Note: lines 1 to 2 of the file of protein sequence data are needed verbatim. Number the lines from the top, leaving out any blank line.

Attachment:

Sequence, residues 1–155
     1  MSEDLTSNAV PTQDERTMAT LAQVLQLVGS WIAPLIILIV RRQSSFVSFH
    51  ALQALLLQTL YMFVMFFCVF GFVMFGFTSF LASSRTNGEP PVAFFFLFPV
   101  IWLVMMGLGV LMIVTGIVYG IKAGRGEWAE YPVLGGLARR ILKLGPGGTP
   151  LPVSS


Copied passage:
Sequence, residues 1–155
     1  MSEDLTSNAV PTQDERTMAT LAQVLQLVGS WIAPLIILIV RRQSSFVSFH